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Types of Doctorate Degrees

written by: •edited by: Elizabeth Stannard Gromisch•updated: 4/14/2012

Nowadays, studying for a doctoral degree can equate to very lucrative career opportunities in any field of study. For those interested are willing to invest the time and money, there are many different options for degrees. Explore the types of doctorate degrees and choosing the right one for you.

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    Introduction

    398px-Roger Taylor 

    A doctoral degree is often referred to the terminal degree in a field of specialization. It represents the highest degree achieved in a particular field of study. The average length of time for doctoral study can range from five years to ten years, depending on the area of study and requirements for the research.

    While traditional doctoral programs require students to take coursework on college campuses, there are many other options for students to consider. Nowadays, doctoral degrees can be completed entirely online by using different forms of instructional technology such as email, chat rooms and online lectures. Other doctoral programs are hybrid and may require students to take classes occasionally on a college campus in addition to completing coursework and research at their own location. These types of programs provide students with great flexibility in scheduling coursework and research time.

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    Types of Doctoral Degrees

    While many types of doctoral degrees exist, there are several that are most commonly found in accredited colleges and university systems. They can basically be categorized as research, professional and honorary doctorates –

    Research – focus on research and completion of an original research dissertation

    Professional – focus on practical study, research and years of internship

    • DBA – Doctorate of Business Administration
    • JD- Juris Doctorate
    • MD – Doctorate of Medicine
    • DPA – Doctorate of Public Administration

    Honorary – given by a university at a special ceremony such as a graduation, to a notable personality who attended the school or has had some affiliation with the school.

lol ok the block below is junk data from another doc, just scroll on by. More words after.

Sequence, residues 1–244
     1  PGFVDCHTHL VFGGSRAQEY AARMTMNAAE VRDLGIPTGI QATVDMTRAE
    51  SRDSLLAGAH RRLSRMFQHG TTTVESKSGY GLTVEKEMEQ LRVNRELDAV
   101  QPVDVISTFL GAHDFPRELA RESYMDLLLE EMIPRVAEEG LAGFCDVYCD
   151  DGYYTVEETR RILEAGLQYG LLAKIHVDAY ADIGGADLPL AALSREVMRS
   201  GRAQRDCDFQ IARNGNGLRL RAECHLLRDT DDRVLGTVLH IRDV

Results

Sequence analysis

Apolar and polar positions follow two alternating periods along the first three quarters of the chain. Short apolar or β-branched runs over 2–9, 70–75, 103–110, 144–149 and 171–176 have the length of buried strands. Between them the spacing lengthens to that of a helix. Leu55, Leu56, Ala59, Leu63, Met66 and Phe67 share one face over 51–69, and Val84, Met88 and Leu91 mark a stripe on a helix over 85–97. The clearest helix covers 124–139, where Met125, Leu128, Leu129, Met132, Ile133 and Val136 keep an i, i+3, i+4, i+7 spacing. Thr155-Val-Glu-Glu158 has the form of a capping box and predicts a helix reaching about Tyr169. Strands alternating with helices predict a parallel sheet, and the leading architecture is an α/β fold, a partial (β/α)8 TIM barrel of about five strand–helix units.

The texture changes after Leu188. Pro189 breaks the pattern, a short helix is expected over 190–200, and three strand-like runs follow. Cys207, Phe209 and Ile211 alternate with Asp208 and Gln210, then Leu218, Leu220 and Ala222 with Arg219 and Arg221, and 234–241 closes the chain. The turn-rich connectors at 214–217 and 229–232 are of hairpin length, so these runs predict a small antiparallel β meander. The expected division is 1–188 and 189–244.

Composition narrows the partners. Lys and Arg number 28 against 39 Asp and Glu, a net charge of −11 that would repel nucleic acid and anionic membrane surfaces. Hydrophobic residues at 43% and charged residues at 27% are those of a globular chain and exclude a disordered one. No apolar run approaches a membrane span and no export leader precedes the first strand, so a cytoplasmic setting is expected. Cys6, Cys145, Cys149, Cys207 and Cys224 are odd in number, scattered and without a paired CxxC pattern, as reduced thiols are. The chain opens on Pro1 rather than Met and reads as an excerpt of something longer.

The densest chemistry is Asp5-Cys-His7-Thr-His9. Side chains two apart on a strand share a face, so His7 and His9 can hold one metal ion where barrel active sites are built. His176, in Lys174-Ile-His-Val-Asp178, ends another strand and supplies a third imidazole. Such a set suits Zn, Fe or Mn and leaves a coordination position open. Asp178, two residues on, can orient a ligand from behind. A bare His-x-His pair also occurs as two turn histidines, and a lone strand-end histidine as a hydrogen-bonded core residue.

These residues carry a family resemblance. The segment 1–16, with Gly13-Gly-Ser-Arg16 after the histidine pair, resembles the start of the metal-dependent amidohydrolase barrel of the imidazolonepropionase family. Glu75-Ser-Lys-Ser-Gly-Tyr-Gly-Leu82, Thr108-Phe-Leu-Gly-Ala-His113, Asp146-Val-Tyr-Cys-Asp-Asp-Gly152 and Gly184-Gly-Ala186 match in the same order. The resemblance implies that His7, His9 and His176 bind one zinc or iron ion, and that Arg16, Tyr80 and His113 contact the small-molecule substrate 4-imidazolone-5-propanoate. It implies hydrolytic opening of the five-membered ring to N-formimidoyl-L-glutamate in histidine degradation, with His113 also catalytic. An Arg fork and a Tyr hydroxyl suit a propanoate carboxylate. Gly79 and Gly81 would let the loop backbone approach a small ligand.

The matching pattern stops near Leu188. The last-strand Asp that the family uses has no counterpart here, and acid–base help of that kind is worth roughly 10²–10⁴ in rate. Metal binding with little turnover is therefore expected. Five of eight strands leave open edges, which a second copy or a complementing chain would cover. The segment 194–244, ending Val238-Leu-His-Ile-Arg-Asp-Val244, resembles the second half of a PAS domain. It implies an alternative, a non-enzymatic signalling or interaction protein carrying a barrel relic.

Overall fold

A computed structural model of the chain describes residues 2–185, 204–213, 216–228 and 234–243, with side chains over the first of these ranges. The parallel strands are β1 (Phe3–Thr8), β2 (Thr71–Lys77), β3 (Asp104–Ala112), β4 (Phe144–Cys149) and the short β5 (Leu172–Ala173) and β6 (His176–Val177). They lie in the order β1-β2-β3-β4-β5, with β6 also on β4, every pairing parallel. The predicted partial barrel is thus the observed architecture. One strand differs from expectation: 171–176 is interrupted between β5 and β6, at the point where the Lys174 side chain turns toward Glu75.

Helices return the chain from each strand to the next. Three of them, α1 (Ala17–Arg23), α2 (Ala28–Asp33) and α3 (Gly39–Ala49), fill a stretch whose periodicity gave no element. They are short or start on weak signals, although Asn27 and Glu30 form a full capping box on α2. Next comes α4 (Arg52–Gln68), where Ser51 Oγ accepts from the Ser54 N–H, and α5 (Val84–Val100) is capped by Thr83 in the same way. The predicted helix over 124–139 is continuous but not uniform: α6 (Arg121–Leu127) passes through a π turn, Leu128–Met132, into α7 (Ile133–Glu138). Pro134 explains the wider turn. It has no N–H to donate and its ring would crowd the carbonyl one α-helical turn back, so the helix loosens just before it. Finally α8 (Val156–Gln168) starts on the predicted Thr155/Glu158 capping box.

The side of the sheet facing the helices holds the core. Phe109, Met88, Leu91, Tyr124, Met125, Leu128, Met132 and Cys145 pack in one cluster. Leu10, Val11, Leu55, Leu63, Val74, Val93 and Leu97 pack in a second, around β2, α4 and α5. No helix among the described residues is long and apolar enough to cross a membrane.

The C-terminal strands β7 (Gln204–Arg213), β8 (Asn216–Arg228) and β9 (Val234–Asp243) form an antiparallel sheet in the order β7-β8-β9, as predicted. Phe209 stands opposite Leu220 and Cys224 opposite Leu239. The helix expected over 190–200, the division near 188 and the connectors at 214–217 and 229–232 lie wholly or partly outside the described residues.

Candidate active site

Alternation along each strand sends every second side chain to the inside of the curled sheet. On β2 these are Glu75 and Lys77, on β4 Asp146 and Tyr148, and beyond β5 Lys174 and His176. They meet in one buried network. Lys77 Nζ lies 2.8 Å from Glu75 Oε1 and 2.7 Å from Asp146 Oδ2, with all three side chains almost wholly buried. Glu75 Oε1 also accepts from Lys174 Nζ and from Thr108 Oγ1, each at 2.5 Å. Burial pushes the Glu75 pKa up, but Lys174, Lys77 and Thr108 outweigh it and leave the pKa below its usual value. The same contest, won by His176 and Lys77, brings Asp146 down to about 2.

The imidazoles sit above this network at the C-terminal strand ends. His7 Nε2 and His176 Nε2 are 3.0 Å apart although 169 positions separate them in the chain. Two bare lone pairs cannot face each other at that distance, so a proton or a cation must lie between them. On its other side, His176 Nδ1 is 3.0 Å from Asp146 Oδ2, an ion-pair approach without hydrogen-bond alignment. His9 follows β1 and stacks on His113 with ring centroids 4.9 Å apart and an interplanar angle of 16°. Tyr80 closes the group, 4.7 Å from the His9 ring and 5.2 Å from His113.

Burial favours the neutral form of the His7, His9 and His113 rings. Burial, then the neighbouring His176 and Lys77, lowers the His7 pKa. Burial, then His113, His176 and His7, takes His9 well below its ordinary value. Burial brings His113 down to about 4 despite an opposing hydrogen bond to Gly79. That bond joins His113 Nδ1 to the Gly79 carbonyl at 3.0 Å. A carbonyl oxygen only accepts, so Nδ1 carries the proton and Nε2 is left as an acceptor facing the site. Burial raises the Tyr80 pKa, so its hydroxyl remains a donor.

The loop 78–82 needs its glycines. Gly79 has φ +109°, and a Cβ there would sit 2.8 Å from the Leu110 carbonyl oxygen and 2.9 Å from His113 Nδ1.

Although the doctoral degrees have remained the same in many fields, the specialization greatly differs. For example, in the field of computers, a PHd in Computer Science is a very different degree than a PHd in Information Technology. In terms of degree focus, the former primarily involves the study of computer hardware and architecture and software programming while the latter degree would involve a more interdisciplinary approach to the field. Doctoral degrees that allow for more interdisciplinary coursework and research appeal to students with different perspectives and varied background who wish to study for an advanced degree for career advancement.

    Another change in the diversity of doctoral degrees has been in the types of research allowed by students. With many varied options of doctoral degrees, students can now pursue a degree with many different options for completing a dissertation. Some degrees allow for expository research, non-experimental research and research that is primarily conducted online or historical in nature.

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    Choosing the Right Doctoral Degree

    For those pursuing doctoral degree study, first and foremost, be clear of the intentions for studying for the degree. Studying for a PHd is a time-consuming and costly endeavor and should be undertaken in the most serious sense. Completing a PHd degree will take at least a few years of steady commitment, many nights of completing papers and much required study time. PHd students often work full-time and study part-time, which means that completing the degree will inevitably take longer.

    Given these considerations, the choice of programs should be based on life constraints such as time and money, career goals, desired time for completion and subject matter. Also consider how and when you can take courses and whether flexibility is needed. Perhaps, studying online is the best option or some combination of online and on campus.

    First, research the colleges and universities in your immediate area for PHd programs. Next, Consider programs based on the following criteria –

    - Program requirements (amount of coursework, types of dissertation)

    - Expected time to complete the degree

    - Average length of time to completion

    - Coursework delivery options

    - Cost of courses, textbooks, related fees

    - Number of students

    - Graduation rate and job placement

    Finally, when narrowing down the choice of school to commit to, make an appointment to speak with admissions counselors and academic advisors. Most programs require a personal interview so getting to know several professors by email or telephone before interviewing is helpful. Ask plenty of questions and don’t hesitate to ask for the names of students to speak to for more information.

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    References

    Doctoral Programs.org - http://www.doctoralprograms.org/

    (Photo courtesy of WikiMedia Commons, http://commons.wikimedia.org)